Wandlore For Beginners

written by AJ Cochran

An in-depth description of many wandwoods and cores, and what to expect from them.

Last Updated

05/31/21

Chapters

11

Reads

21,547

Wandwoods L-R

Chapter 3

Larch wands are valued as attractive and powerful. These strong and durable wands have a reputation for giving courage and confidence to owners, and yet the wand (like many) is hard to please, and many underestimate how tricky they are to handle. Wands of larchwood always have hidden talents and unexpected effects, according to Ollivander. The master who deserves it is very much the same, not realizing how talented they are until they are paired with it. When paired, they make an exceptional match.


Laurel wands, according to tradition and legend, will not produce a spell to do something dishonorable. But in a quest for glory, not uncommon for those best suited for a laurel wand, they can perform powerful (and sometimes lethal) magic. While called fickle, laurel wands in actuality will not tolerate laziness in a master. If any master of a laurel wand becomes lazy, he or she will find that their wand can easily be swayed to take allegiance with another. However, if the master is not lazy (and remains so), their wand will be quite happy in its position. These wands are known to create a random strike of lightning if another tries to steal it when it is happy with the current master.
Linden wands are not widely used in wandmaking in Britain. But in Germany, its association with the goddess Freya has made it quite favorable. A wand made of linden will have great abilities with the Defense Against the Dark Arts. The pale wood is often decorated with marks that are dark in color, though the designs vary greatly.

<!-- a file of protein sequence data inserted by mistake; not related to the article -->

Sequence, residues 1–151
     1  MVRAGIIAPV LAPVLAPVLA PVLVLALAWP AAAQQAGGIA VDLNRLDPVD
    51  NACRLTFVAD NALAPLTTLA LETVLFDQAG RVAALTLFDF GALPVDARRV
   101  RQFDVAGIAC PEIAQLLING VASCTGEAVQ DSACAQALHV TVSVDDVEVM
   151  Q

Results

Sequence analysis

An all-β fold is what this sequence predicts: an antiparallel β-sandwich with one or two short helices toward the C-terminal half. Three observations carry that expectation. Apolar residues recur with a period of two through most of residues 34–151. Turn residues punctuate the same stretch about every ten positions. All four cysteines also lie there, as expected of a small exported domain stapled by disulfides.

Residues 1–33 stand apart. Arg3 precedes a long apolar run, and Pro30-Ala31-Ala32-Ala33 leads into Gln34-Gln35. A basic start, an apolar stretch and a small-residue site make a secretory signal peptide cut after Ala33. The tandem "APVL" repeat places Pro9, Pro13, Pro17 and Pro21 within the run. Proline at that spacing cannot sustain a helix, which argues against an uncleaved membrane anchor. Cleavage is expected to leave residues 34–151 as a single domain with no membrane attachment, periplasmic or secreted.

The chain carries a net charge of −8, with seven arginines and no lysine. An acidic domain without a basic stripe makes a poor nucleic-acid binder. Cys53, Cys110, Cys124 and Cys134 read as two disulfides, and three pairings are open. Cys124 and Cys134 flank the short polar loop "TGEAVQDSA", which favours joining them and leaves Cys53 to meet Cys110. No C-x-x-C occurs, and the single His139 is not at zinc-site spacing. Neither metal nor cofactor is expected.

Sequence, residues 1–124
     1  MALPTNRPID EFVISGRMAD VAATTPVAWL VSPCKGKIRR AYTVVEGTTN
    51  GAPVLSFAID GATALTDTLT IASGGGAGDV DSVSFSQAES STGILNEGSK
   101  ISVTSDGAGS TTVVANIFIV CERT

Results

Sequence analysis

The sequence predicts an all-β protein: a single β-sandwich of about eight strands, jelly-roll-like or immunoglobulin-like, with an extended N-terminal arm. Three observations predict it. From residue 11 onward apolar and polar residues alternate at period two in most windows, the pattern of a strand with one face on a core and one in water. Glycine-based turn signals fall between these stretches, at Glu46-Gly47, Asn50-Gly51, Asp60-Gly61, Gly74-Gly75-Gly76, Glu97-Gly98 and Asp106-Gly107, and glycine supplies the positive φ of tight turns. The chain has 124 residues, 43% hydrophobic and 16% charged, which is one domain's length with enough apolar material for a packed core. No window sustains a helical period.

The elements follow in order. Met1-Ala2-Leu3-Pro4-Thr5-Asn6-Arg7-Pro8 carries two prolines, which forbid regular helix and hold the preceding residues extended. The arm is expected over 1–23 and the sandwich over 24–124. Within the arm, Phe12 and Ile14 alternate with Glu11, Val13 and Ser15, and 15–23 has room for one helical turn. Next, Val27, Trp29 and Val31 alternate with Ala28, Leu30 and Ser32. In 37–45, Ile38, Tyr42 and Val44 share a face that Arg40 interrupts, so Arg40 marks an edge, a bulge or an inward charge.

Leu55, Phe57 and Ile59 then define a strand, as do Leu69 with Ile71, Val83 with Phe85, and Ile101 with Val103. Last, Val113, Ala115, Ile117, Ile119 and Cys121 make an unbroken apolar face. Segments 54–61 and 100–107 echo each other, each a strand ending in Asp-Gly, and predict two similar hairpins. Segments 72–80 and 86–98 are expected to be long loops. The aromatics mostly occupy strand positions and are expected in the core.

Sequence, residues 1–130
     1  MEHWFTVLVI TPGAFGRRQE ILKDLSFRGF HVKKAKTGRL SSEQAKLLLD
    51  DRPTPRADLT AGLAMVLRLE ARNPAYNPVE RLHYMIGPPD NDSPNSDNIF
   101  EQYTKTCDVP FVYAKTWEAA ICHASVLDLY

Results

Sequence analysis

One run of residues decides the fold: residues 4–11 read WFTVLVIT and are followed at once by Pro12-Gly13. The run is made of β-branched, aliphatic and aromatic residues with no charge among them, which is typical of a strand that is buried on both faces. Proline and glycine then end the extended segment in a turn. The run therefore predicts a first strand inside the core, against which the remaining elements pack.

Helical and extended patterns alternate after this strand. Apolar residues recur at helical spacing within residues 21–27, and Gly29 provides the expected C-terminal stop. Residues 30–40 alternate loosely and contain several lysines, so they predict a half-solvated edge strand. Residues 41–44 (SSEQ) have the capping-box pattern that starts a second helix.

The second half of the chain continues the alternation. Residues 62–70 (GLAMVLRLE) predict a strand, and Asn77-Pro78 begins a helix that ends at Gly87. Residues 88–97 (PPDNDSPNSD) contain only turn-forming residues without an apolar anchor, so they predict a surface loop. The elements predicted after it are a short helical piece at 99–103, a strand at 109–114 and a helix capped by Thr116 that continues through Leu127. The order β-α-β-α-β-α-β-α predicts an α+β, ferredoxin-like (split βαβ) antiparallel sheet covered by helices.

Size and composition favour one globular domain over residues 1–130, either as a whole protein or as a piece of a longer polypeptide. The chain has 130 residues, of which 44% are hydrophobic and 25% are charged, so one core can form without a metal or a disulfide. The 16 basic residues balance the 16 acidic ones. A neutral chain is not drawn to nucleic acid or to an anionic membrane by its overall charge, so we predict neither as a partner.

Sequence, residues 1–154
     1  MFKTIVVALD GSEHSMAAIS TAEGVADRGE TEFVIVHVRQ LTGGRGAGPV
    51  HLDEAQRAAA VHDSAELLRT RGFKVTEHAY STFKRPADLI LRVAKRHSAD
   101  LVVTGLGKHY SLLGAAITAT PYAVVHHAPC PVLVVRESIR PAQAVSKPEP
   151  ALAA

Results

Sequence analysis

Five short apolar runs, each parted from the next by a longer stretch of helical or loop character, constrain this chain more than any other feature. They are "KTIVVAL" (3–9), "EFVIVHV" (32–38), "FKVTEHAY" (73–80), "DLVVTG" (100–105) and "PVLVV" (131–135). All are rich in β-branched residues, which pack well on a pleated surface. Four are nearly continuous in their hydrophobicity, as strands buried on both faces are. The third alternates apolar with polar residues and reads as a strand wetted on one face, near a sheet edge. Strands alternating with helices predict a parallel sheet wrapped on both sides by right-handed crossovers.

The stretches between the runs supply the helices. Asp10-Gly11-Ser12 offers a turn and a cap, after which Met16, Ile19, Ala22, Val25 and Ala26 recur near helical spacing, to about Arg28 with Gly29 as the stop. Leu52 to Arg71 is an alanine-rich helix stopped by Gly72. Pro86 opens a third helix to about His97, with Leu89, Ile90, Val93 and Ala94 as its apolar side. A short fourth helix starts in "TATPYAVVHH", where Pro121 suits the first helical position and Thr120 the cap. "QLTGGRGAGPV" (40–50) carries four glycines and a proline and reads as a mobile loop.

Madrona wands are also rare in British wandmaking, due to Madrona trees mostly growing in North America (the Northwest region of it). The bark of this beautiful evergreen has a distinctive peeling, which indicates that it would be an excellent wand for magical powers of change. In other words, this wand is superb and powerful for Transfiguration.
Mahogany wands generally have no particular strengths, being a good wand for all-around usage. This does not mean that they perform mediocre magic at best, it simply means that they are good for all sorts of magic. The wood is hard and reddish-brown, making for a fairly stubborn wand that will be powerful once fully mastered.
Maple wands are generally a bit more magical than their oaken counterparts. They are fairly adaptable, though they are quite sturdy. They despise a a life without ambition, thus choosing travellers and explorers for masters. If they become 'stay-at-home wands,' their magic will not be as good. New challenges and places to 'see' will make a maple wand shine (literally, these wands polish themselves when the aforementioned conditions are met) with its master in both ability and status. Maple wood good enough to make wands with is rather costly, mostly due to its beauty. A witch or wizard who possesses a maple wand has generally had a high status, since the wand has a reputation of selecting high achievers.

Oak wands are quite loyal, much like a friend to the wizard it selects (conveniently, so is the wizard matched with it). But its 'ideal' match is not only friendly, they need to be strong (not necessarily physically) and have courage and faithfulness. Owners of oak wands generally have excellent intuition, marking them as being good with Divination, and of the magic of the natural world, marking them as being good with Herbology, though this is not generally not very well-known in the Wizarding world. The wands are sturdy and reliable that help with the Defense Against the Dark Arts and Transfiguration, but the sturdiness implies that it will take longer to learn spells. In some cultures, oak trees are called King of the Forest from the winter solstice until the summer solstice, when holly takes over. And so, wandwood from oak trees should only be collected during this time.